“They’ve not come out and said ‘we will do what it takes to balance the market’,” said Mike Wittner, head of oil market research at Societe Generale SA in New York. “Right now the economy is weak, and demand is weak in Europe and China. The market wants to see something fairly dramatic.”

Article Source: Smith, G. & Murtaugh, D. (2014).  OPEC finding U.S. shale harder to crack as rout deepens. Bloomberg. Retrieved from

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Oil tanker proposal draws fire from industry

By Zack Colman

Refineries, oil producers and railroad companies say they need more time to swap out the old tank cars that carry crude oil and ethanol than the Transportation Department has proposed in a rule to prevent those trains from exploding.

Industry groups said in comments filed late Tuesday that they cannot feasibly retrofit or replace enough of the thousands of “legacy” tankers by the Oct. 1, 2017, proposed deadline without causing oil supply disruptions.

“This rule, if not properly re-worked, could have a significant impact on jobs and the economy,” American Fuel and Petrochemical Manufacturers President Charles Drevna said Tuesday, adding that the agency’s Pipeline and Hazardous Materials Safety Administration’s proposed timeframe was “infeasible.”

The Department of Transportation wants to get the old tankers off the rails following a series of accidents and explosions that have stoked fear about potential disasters, while adding safety features such as advanced brakes and thicker shells to models that adopted 2011 industry-approved safety measures.

The concern reached a head in July 2013, when an unmonitored train carrying crude from the Bakken shale formation in Montana and North Dakota derailed and exploded in Lac-Megantic, Quebec, killing 47.

But industry groups representing oil producers, railroads and refineries rejected the strongest safety measures in the agency proposal, such as the thickest shells for containing flammable liquids and certain types of advanced braking systems, for which environmental and liberal groups had advocated.

It’s a debate that has stretched across communities, flaring up in places where there isn’t any oil production but which tankers pass through. The volume of oil being carried around the country has risen sharply due to shale production. In 2009, there were 10,800 carloads carrying Bakken crude. Last year, shipments surpassed 400,000, according to the Department of Transportation.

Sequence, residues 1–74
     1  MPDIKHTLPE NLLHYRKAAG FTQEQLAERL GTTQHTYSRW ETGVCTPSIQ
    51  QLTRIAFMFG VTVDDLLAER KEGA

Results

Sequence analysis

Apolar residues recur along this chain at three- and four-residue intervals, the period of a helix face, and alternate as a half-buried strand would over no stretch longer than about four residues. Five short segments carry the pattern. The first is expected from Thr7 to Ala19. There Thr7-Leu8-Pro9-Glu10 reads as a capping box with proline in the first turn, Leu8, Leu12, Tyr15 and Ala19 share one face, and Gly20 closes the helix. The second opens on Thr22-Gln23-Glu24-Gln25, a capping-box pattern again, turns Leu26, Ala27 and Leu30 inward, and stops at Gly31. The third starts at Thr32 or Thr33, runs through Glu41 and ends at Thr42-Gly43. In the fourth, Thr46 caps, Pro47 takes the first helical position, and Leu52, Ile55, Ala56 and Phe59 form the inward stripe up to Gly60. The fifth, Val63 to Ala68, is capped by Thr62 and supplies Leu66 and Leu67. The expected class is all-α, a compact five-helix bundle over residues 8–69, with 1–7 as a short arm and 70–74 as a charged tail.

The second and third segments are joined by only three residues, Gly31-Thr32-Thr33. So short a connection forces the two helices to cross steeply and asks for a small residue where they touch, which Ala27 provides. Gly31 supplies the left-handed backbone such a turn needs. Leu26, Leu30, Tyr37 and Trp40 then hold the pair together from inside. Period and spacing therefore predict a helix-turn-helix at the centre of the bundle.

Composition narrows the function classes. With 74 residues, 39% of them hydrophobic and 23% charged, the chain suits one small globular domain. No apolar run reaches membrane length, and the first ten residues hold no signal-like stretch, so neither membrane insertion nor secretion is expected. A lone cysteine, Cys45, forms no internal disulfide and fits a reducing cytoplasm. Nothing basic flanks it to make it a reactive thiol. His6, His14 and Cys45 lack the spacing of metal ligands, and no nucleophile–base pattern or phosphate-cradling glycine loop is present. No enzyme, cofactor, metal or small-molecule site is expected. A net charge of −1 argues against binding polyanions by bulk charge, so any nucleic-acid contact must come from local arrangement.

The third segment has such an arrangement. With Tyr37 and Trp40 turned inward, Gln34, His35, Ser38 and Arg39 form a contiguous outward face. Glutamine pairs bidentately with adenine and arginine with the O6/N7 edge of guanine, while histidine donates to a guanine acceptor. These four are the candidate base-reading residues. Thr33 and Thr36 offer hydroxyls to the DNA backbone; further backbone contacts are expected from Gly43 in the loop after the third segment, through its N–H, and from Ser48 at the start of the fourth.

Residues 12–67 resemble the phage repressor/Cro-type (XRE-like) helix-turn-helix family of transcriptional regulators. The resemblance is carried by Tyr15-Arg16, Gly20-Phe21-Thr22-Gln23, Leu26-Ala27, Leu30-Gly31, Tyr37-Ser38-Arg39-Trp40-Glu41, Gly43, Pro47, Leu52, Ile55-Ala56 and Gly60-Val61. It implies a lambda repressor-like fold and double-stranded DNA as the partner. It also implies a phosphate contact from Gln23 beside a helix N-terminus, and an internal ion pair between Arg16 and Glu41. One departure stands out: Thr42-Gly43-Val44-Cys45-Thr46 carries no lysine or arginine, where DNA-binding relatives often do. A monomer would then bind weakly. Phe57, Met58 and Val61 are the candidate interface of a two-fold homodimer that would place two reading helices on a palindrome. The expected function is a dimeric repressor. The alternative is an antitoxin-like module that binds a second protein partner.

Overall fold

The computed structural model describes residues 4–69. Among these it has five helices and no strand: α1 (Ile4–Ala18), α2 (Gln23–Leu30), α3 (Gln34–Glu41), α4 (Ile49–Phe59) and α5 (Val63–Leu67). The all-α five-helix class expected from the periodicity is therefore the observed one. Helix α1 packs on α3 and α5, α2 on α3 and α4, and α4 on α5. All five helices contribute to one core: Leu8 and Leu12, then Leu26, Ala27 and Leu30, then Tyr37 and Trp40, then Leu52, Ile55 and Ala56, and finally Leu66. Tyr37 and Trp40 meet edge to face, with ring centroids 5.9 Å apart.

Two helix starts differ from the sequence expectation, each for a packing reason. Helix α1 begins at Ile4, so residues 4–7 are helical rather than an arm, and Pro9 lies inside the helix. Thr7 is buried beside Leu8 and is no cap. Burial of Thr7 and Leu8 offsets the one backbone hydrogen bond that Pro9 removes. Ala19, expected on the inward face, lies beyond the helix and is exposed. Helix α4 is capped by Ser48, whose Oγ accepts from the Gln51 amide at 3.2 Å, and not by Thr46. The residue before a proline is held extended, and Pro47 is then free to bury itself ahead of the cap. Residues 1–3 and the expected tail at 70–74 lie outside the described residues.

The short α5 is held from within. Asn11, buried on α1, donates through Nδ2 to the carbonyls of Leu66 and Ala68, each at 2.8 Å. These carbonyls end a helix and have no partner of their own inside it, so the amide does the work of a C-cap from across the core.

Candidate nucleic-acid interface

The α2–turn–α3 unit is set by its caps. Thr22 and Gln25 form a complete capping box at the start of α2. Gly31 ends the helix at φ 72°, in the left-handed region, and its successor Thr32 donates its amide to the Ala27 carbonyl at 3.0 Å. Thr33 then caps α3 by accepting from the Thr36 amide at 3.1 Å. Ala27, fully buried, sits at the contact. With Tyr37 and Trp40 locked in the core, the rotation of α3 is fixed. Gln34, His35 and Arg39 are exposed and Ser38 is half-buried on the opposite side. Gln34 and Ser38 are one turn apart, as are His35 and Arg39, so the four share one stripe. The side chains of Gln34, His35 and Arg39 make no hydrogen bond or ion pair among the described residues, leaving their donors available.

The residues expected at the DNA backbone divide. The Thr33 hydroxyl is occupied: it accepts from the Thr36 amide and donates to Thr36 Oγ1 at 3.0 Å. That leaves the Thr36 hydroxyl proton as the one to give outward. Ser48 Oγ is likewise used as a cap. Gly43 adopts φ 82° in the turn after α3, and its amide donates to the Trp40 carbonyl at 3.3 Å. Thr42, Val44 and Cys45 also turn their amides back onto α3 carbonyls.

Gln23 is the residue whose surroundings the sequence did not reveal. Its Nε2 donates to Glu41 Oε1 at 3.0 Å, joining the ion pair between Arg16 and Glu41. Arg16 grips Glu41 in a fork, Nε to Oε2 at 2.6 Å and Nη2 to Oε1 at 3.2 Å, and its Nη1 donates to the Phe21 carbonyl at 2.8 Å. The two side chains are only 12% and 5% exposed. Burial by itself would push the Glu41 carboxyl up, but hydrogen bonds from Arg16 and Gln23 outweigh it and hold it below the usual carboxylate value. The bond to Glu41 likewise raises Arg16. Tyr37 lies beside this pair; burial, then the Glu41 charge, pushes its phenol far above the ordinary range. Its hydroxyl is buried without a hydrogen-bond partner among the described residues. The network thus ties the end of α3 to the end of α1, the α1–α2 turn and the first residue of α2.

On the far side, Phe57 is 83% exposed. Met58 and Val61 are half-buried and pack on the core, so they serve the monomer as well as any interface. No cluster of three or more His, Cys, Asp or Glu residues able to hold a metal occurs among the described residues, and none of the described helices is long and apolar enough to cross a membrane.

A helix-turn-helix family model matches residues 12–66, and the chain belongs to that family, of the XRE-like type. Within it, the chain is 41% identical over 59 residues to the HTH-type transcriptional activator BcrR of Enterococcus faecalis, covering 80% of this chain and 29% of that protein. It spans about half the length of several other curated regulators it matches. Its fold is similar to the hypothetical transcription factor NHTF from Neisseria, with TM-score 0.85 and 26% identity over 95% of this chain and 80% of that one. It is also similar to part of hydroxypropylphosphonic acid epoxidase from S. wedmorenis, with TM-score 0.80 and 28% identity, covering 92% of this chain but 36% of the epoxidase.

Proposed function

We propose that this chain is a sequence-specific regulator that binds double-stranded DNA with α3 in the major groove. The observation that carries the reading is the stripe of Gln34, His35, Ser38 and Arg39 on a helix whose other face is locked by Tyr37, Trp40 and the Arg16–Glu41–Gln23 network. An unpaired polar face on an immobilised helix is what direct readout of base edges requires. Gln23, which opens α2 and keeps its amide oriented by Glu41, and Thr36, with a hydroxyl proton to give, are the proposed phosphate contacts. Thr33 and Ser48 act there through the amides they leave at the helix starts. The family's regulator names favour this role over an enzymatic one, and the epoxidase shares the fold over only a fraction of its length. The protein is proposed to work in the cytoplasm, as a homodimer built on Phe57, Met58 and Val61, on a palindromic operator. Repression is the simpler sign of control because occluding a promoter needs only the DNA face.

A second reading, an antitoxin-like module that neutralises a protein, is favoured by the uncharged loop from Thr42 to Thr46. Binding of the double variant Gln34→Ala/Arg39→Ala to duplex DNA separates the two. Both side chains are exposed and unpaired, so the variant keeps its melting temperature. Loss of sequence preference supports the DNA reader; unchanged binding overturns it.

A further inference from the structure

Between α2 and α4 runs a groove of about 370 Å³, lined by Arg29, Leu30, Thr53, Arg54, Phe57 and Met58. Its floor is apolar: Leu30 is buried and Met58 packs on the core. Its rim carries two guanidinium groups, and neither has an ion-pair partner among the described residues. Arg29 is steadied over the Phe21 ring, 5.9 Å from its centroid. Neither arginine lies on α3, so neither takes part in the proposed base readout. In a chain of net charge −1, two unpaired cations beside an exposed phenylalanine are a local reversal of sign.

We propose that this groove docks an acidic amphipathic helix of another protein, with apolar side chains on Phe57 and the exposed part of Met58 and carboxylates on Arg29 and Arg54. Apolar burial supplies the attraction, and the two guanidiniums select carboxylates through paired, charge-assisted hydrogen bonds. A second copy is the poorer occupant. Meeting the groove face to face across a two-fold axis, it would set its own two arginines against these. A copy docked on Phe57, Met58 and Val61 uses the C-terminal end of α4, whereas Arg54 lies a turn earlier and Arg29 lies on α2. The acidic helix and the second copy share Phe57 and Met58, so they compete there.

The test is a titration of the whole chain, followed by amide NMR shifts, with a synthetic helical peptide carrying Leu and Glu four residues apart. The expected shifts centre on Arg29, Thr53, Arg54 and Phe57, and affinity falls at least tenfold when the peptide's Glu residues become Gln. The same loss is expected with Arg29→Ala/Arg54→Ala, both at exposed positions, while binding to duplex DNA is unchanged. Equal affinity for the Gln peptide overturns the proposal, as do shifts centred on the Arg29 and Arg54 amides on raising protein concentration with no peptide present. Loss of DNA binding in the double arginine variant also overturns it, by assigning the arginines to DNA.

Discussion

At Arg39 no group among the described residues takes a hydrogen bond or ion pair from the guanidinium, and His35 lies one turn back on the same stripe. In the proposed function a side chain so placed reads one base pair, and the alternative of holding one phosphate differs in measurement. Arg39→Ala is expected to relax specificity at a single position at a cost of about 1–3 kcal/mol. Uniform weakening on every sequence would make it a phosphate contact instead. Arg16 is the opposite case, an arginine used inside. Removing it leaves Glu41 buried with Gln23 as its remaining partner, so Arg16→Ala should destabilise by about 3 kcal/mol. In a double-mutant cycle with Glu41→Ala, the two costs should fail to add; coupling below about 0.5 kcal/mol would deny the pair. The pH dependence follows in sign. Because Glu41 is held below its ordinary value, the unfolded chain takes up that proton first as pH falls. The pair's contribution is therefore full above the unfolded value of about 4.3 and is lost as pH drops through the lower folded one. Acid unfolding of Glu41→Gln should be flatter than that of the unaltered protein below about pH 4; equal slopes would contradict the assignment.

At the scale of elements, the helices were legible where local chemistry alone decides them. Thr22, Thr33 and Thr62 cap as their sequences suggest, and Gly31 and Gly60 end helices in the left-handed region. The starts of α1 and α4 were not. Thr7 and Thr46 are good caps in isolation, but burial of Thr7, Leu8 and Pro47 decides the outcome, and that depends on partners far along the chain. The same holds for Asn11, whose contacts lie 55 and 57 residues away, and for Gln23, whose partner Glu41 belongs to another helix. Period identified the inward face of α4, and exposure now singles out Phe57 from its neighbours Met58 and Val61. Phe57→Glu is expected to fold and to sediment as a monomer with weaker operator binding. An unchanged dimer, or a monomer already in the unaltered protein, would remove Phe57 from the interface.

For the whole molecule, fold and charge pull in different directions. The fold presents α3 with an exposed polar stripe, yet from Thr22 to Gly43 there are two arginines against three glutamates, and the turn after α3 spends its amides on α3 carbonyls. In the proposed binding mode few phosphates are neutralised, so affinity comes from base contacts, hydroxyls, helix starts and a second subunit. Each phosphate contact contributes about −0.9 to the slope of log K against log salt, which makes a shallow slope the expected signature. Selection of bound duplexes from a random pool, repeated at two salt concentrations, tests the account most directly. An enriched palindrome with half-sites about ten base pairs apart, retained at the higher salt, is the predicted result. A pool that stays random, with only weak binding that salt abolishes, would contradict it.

Environmental groups, in comments to the agency, pushed the agency to accelerate its timeline for eliminating the older tank cars, with some pressing for an immediate ban.

“DOT falls short of its obligation to ensure that transport of volatile crude oil by rail is done in a safe and responsible manner. The proposed rule would keep thousands of communities in the U.S. and Canada under the continued threat of catastrophic train crashes,” said Devorah Ancel, a lawyer with the Sierra Club.

But implementing the rule quickly, the oil and refining industries said, could cause shortages in oil supply that drive gasoline prices upward. Drevna said AFPM would ask for a 10-year window. The American Petroleum Institute and the American Association of Railroads said in joint comments that older tankers should be eliminated in four years and newer models should have seven years to complete upgrades.

Drevna cited statistics from railcar industry group the Railway Supply Institute that 28 percent of the 98,000 tank cars that currently transport hazardous materials such as crude oil would retire under the proposed rule. But the industry needs a year to ramp up for new builds, has a backlog in the tens of thousands of cars and estimates it could at best churn out 6,400 cars annually.

The Railway Supply Institute could not be reached for comment.

The railroad, refining and oil industries agreed that, with some improvements, the newer tank cars built with the 2011 industry-approved standards should remain on the rails. But there were some variations as to what those retrofits would entail.

AFPM elected to go with the current 7/16 inch shell thickness, while API and AAR said 1/2 inch would be desirable. The Department of Transportation suggested a shell thickness of 7/16 inch and 9/16 inch.

Gerard and Drevna said the thickest shell would yield few safety benefits — they said cars would be heavier and couldn’t carry as much crude, so it would increase the amount of cars on the rails — at a significant cost.

But the Greenbrier Cos., a top railcar manufacturer based in Lake Oswego, Ore., said it preferred the thickest shell, though it said the agency’s suggestions to include “top-fittings” designed to prevent rollovers and advanced braking systems would be unnecessary and ineffective.

Greenbrier is already making tank cars with that thick a shell, and plans to double production this year. It took a swipe at oil and refinery industry concerns by saying those cars carry the same volume of crude oil as the legacy tankers that the proposed rule would phase out.